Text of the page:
I believe that underlying  this phenomenon is something that we could call the intransigence of the absurd, that is the assertion of something for which there is no scientific evidence, but which must be uncompromisingly defended by rhetoric and the layering of myth, most forcefully, naturally, by those who seek political leverage. A prototypical example of this is the assumed historical destiny and moral superiority of nationhood by nationalists of all stripes. The notion of race is one such absurdity, including that of being ‘black’ or ‘white’ or ‘Asian’, which must be vociferously perpetuated by all those seeking to take advantage of individuals who need to ground their tenuous sense of self by ascribing identity or otherness to individuals who bear a passing similarity or difference to themselves, a notion, moreover that must then be imposed on those who wish to make no such distinctions.

The reception of transsexuals into the community of women is based on a different narrative logic. The status of male and female sexual identity is so firmly established in biological reality, that a man believing himself to be a woman (or vice-versa) and acting the part is a patent absurdity recognised as such by everyone. Therefore, the deception has a theatricality that is acknowledged on all sides, as it has been throughout history in many different cultures. There is a twist to this, however. There is no political leverage in mere acceptance of this theatre; therefore, human sexual differentiation has been mythologised in the notion of gender, a radicalised state of indifferance and a socio-political chimera that fuses two notions of moral transgression: that of non-acceptance of the myth; and that of the traditional boundaries of the sexes, which must be preserved in order to be wilfully flouted.

The exact sociological function of race and gender finally diverge. Race is about belonging and exclusion, while gender has become about inclusion and freedom, specifically the freedom to define one’s sexual identity. Both notions are part of the narrative of how we establish social identity in a complex world, and should be tolerated on that understanding. However, we should never lose sight of their fundamental absurdity in inverting reality. That absurdity correlates strongly with an intransigent defence of the absurd; having abandoned evidence, it is not too great a step to abandon reason, openness and a willingness to entertain alternative viewpoints.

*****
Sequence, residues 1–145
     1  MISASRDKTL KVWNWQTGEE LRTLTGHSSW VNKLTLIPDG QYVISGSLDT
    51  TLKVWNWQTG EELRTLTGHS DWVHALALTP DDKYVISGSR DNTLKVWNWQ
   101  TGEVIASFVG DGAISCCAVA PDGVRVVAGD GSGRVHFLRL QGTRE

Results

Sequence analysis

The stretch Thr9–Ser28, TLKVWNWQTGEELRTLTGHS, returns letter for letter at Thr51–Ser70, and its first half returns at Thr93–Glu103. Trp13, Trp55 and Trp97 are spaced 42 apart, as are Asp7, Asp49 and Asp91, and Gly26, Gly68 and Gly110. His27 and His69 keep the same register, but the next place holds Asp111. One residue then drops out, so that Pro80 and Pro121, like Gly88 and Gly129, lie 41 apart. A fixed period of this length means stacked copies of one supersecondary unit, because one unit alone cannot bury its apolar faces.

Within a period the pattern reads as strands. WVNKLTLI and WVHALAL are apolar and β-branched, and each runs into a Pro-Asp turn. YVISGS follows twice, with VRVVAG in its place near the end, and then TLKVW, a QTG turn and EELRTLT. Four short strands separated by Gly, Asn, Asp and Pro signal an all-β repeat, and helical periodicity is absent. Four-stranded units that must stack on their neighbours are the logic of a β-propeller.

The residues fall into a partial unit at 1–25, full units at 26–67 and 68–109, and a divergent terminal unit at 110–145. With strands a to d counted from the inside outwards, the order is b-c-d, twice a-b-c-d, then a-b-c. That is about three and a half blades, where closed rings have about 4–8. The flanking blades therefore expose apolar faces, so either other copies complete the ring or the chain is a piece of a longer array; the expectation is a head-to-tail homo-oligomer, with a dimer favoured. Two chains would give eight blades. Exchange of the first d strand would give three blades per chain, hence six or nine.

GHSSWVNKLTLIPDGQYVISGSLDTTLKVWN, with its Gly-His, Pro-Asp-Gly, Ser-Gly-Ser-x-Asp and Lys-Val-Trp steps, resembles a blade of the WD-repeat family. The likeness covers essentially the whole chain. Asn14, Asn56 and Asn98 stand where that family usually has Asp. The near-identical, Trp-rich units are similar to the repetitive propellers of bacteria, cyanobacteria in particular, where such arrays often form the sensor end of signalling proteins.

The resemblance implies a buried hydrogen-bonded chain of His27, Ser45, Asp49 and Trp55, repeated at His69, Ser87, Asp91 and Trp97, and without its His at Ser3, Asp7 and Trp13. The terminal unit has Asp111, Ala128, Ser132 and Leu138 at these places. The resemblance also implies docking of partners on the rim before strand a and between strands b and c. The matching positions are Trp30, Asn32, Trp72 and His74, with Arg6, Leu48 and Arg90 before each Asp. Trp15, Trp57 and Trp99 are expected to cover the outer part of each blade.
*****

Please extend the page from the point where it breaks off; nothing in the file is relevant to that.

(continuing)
Asserting identity should be – as the word implies – about seeking universality above all, as a basis for accepting diversity. Identity politics does precisely the opposite. By repeatedly invoking historical injustices and incubating the fragmentation of human experience to create new forms of victimhood, it promotes belligerence as the essence of the shared social space, inclusion as a tool of exclusion, and the eternal past as the future.

(Note: the term ‘indifferance’, a play on Derrida’s concept of ‘differance’, denotes the prescribed ignoring of difference, distinction or differentiation, leading to moral indifference, rather than toleration, which recognises both difference and moral boundaries.)


Human rights: ‘nonsense on stilts’ or an axiom of human community


Depending on one’s perspective the origins of human rights can be traced back to Cyrus the Great, Magna Carta or to Immanuel Kant’s Categorical Imperative. Like all important social concepts it has been implicit in human institutions before being given greater philosophical clarity. Whatever its origins, there can be little doubt that the twentieth century was a high watermark in the development of human rights and their embodiment in political and legal institutions through the UN Declaration of Human Rights at the end of the Second World War, as both a statement of modern democratic civilised values, and a measure by which to evaluate one’s own nation’s progress and, perhaps more commonly, to criticise other cultures or regimes that did not meet its standards.

By contrast, while the twenty-first century has witnessed an acceleration of human rights legislation in the West, and Europe in particular, the status of human rights as a mark of civilised culture is increasingly threatened. This has happened externally through the rise of China as a world economic and political power that does not adhere to the ideology of human rights, nor observe them in practice, certainly not the rights of free speech and expression of dissident views. The rise of political Islam and its rejection of democracy and Western legal systems in favour of its frequently extreme interpretations of Sharia, has also dented the idea of human rights as a human universal given. Sometimes, even the West’s own stance on human rights has been compromised, for example by the acceptance of torture in the ‘War on Terror’ and by attitudes towards the present influx of migrants arriving from Africa and the Middle East.